Furthermore, in order to prevent the human catastrophe and assist Afghan people who have suffered the most, the Pak Afghan Cooperation Forum (PACF) has been established by Pakistan which is active in facilitating and providing aid to Afghanistan. Pakistan has provided 4x C-130s and 315 truckloads carrying humanitarian aid for Afghan people from 19 September to 16 January 2022. Likewise, Pakistan is also facilitating the channeling of aid to Afghanistan. The total aid provided so far comes to 5605 tons which includes food, medicines and other essential items. Pakistan has been providing medical facilities to Afghans since long, and allowed those in need of immediate health assistance to enter the country to seek medical assistance at hospitals in Quetta, Peshawar and other cities of the country. Pak-Afghan Cooperation Forum organized a free Eye Camp at Muhammad Ali Jinnah Hospital Kabul from 22-24 November. Eye specialists from Pakistan have examined and treated afghan patients.
Earlier they successfully conducted a similar camp in Khost from 18- 20 Nov 2021. Over 2670 patients were examined and 324 surgeries were performed in the Khost camp while 5450 patients were examined and 206 surgeries were performed in Kabul camp. Pakistan has initiated free vaccination of the Afghans since November 13, 2021. The Prime Minister ordered that the facility of free Covid-19 vaccination for the Afghans entering Pakistan from land borders be continued. Similarly, medical visa facility has been provided to Afghan patients and Pakistan authorities have removed the requirement of getting gate pass for crossing border and border would be opened for pedestrian movement for 12 hours instead of eight. Pakistan has opened 5 border trade stations along the Pak-Afghan border to ease the flow of goods across the border. They include Torkham, Chaman, Kharlachi, Ghulam Khan, and Angoor Adda.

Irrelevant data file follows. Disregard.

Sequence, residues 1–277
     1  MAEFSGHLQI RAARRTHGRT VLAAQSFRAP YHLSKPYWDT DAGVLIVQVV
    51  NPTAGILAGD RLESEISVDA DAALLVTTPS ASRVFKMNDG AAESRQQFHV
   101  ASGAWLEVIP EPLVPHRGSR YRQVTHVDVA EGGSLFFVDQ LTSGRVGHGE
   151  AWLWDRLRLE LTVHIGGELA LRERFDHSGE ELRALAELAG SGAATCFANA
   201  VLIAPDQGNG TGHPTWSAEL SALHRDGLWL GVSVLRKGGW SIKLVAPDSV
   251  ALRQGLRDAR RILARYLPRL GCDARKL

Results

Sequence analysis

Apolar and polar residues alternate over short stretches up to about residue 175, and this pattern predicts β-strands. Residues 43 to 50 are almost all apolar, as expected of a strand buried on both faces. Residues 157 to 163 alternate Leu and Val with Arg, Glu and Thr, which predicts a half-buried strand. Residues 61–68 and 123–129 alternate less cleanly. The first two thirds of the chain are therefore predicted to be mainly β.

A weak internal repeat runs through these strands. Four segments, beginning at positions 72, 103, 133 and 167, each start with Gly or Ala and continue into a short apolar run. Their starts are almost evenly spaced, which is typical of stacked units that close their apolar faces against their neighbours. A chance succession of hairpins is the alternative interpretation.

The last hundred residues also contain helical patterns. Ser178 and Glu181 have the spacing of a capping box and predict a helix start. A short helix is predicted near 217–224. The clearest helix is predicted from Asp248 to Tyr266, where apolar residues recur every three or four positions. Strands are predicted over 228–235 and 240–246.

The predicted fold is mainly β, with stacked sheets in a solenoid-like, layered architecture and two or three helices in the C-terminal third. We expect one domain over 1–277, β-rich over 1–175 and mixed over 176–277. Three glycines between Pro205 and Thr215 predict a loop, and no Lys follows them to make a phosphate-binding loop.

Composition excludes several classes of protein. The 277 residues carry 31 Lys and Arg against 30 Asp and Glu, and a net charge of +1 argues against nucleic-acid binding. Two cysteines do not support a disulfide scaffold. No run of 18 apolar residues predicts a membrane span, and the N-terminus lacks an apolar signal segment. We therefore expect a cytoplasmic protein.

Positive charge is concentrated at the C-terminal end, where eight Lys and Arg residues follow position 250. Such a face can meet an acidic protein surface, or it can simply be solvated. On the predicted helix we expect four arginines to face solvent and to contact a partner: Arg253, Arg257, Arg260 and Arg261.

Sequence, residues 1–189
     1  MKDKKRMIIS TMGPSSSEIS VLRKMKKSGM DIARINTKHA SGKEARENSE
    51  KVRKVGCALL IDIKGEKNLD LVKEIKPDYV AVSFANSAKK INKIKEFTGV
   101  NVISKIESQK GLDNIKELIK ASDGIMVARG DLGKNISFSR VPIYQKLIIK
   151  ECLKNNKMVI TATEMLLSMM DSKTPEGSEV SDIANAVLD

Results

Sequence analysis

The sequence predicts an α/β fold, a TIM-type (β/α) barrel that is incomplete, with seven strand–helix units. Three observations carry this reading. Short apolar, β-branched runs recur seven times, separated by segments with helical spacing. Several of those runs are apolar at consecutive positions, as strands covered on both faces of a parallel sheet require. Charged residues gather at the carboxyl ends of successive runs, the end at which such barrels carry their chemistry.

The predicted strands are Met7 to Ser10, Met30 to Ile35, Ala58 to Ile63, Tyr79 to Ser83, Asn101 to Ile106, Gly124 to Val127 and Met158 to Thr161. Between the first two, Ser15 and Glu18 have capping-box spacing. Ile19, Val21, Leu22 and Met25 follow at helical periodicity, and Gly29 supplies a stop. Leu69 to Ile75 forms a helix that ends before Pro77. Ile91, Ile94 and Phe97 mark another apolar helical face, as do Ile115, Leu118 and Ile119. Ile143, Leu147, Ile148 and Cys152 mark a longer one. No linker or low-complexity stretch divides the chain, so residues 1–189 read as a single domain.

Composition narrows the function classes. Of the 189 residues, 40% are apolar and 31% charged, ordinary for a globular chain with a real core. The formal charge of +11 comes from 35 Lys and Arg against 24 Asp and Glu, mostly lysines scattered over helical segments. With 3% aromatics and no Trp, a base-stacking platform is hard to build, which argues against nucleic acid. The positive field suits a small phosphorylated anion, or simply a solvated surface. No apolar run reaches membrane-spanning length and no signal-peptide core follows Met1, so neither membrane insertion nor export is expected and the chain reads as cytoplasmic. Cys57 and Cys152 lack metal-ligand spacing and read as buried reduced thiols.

In the ultimate analysis, it is the years of protracted conflict, the impact of Covid-19, the effects of climate change and now the current political turmoil, which have pushed Afghanistan into one of the world’s worst humanitarian crises. Millions of lives are at stake, and children are already dying of hunger. The world must come forward to support emergency relief in Afghanistan. About 22 million people – more than half of the population – are facing acute food insecurity in the next three months. With rampant unemployment and food prices spiraling out of control, current projections show that 97 percent of Afghans will be in poverty within a year. More than 8 million people are just one step away from famine, 3 million children under five are expected to suffer from malnutrition, and 1 million of these children are at risk of dying. Families have resorted to selling anything they have left of value, and tragically, children as young as five are being forced to work for more than twelve hours a day to afford their families a meal. Afghans are being plunged deeper into poverty and as the harsh winter season is already taking its heavy toll, there’s even more of a terrifying risk to the lives of millions of Afghans. Without taking action now, there is a real risk of a famine and widespread hunger across Afghanistan. We are facing a race against time and a lot needs to be done here and now, by putting humanity first and foremost.